The DL looks set with Van Bergen at DE, Roh at rush end, Big Will at the three tech and Martin at NT. However, Martin was moved around a bit in the SG so I have to look at the tape of that. Depth is thin, but I saw some good play from Black (inconsistent, but flashes), Wilkins (big plays in the SG) and the other Will (Heininger) who has been moved inside to NT.

The LBs were Jones (Will) and Cam Gordon (Sam) and I thought they did OK. Jake Ryan just stood out on the last scrimmage (with the 2s)—he made play after play—and he did the same thing in the SG. He was a way under the radar recruit but he really looks like he will be a player.

This was the worst defense in the history of the galaxy (maybe not universe, there may be a planet where some team was worse) last year so I am surprised by what I saw this spring. It was a more ordinary spring--- the UM defense making the offense struggle to get any run game going (except for Denard), though maybe two big plays were broken by the RBs. I predicted before the SG (based on the prior week’s scrimmage) that this would be an average or above average defense. I still think that. Something in the back of my head thinks it might even be an “almost good” defense but I suspect this is delusional. Now the coaches seem nervous. Mattison was unhappy after the SG but they sure seem ahead of anything I have seen for a few years.


*[Editor's note: given how much we saw Thomas Gordon in the spring game I'm guessing the nickel will be the base defense against spread looks.]

**[During the spring game it seemed like were pretty close to a zero technique at times, something he seemed to disavow. From the endzone, where I sat, there always seemed some shade. But on the Tivo of the game (from the side) of course, it seemed like we had a NT in zero tech every now and then. I reviewed it. Seems like this was when the offense was in a spread, when GM went completely odd with a 3 man front—as George Halas suggested against the single wing.]

***[Mattison is concerned that too many rush ends tend to get too wide as they attempt to speed rush the tackle. He thinks this is too easy a mark for an offensive tackle unless the end is a blur. He wants him closer to the tackle. He especially wants Craig Roh to not get too wide, allowing him to probe in either direction.]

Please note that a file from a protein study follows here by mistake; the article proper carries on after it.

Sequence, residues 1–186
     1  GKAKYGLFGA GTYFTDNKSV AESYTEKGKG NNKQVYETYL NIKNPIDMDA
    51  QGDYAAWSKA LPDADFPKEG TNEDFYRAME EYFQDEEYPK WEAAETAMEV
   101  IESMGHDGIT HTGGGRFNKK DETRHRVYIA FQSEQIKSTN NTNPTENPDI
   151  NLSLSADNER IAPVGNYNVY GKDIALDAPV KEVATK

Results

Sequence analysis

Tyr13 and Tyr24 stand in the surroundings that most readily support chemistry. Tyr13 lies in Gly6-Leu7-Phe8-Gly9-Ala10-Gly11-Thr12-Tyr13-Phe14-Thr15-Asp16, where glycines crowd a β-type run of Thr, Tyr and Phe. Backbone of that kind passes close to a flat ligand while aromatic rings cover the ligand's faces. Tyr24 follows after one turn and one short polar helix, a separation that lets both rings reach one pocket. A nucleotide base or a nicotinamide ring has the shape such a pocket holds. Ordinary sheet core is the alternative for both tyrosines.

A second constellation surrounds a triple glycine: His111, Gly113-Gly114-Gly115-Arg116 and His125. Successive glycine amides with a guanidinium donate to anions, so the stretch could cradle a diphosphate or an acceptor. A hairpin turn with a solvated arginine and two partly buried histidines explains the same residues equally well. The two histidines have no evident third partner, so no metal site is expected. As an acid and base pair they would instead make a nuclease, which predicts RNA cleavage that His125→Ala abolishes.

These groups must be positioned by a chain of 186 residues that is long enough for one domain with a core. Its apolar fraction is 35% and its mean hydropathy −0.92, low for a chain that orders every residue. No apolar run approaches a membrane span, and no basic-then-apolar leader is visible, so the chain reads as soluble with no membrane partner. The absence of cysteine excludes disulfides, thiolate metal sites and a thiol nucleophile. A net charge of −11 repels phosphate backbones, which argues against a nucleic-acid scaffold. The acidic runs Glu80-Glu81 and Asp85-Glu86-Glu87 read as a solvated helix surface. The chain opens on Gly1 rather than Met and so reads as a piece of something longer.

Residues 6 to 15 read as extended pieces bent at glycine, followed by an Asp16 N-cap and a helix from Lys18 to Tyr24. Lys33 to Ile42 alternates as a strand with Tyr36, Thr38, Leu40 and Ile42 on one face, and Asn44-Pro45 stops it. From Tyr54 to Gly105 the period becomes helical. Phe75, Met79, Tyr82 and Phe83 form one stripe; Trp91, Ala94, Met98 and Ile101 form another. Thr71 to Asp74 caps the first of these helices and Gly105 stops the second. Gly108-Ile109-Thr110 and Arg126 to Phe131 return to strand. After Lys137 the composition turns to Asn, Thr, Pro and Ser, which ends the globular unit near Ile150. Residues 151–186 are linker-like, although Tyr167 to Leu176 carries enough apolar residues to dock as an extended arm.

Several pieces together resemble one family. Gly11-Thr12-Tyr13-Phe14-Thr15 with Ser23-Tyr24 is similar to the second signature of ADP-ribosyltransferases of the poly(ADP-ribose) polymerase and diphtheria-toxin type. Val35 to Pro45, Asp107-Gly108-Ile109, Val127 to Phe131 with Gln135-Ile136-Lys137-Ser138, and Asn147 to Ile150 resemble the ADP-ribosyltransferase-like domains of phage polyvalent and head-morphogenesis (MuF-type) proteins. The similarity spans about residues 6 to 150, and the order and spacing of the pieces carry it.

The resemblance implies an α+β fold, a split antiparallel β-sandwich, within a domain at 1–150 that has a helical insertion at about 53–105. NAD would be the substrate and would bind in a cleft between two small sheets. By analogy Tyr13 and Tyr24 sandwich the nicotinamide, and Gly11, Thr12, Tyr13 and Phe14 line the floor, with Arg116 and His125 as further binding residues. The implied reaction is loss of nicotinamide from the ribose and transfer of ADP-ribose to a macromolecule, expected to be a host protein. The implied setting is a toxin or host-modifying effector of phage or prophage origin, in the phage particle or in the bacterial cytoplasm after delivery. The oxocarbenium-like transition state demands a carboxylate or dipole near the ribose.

April 20th, 2011 at 3:43 PM ^

It's what the 85 Bears (the greatest defense of all time, try to argue with me) ran. Pretty much it's an aggressive defense where you send 6 and man up on the "skill" spots. The west coast offense was the offensive counter to it, quick passing was its downfall

"A hyper-aggressive variant of the 4-3 base set, the 46 dramatically shifted the defensive line to the weak side (the opposite end from the offense's tight end), with both guards and the center "covered" by the left defensive end and both defensive tackles. This front forced offenses to immediately account for the defenders lined up directly in front of them, making it considerably harder to execute blocking assignments such as pulling, trapping and pass protection in general. Moreover, the weak side defensive end would be aligned one to two yards outside the left offensive tackle, leaving opposing tackle 'on an island' when trying to block the pass rush."


April 20th, 2011 at 2:58 PM ^

I can honestly say I feel "safe" with mattison as the DC. I think he knows the ins and outs very well and will make our defense great.


April 20th, 2011 at 3:46 PM ^

Glad to hear the reports on Jake Ryan. The word out of St. Ignatius in Cleveland last year was that he was better than Scott McVey, a supposedly higher rated recruit also at St. Ignats who went to tOSU. They thought Michigan got the better of the two.


April 20th, 2011 at 3:58 PM ^

Loved watching Mattison during the Spring game. He always has that scowl on his face like he's not pleased. He appears to demand perfection. After one of Johnson's interception, he called him over to point out something to Carvin. Ends don't justify the means with GM.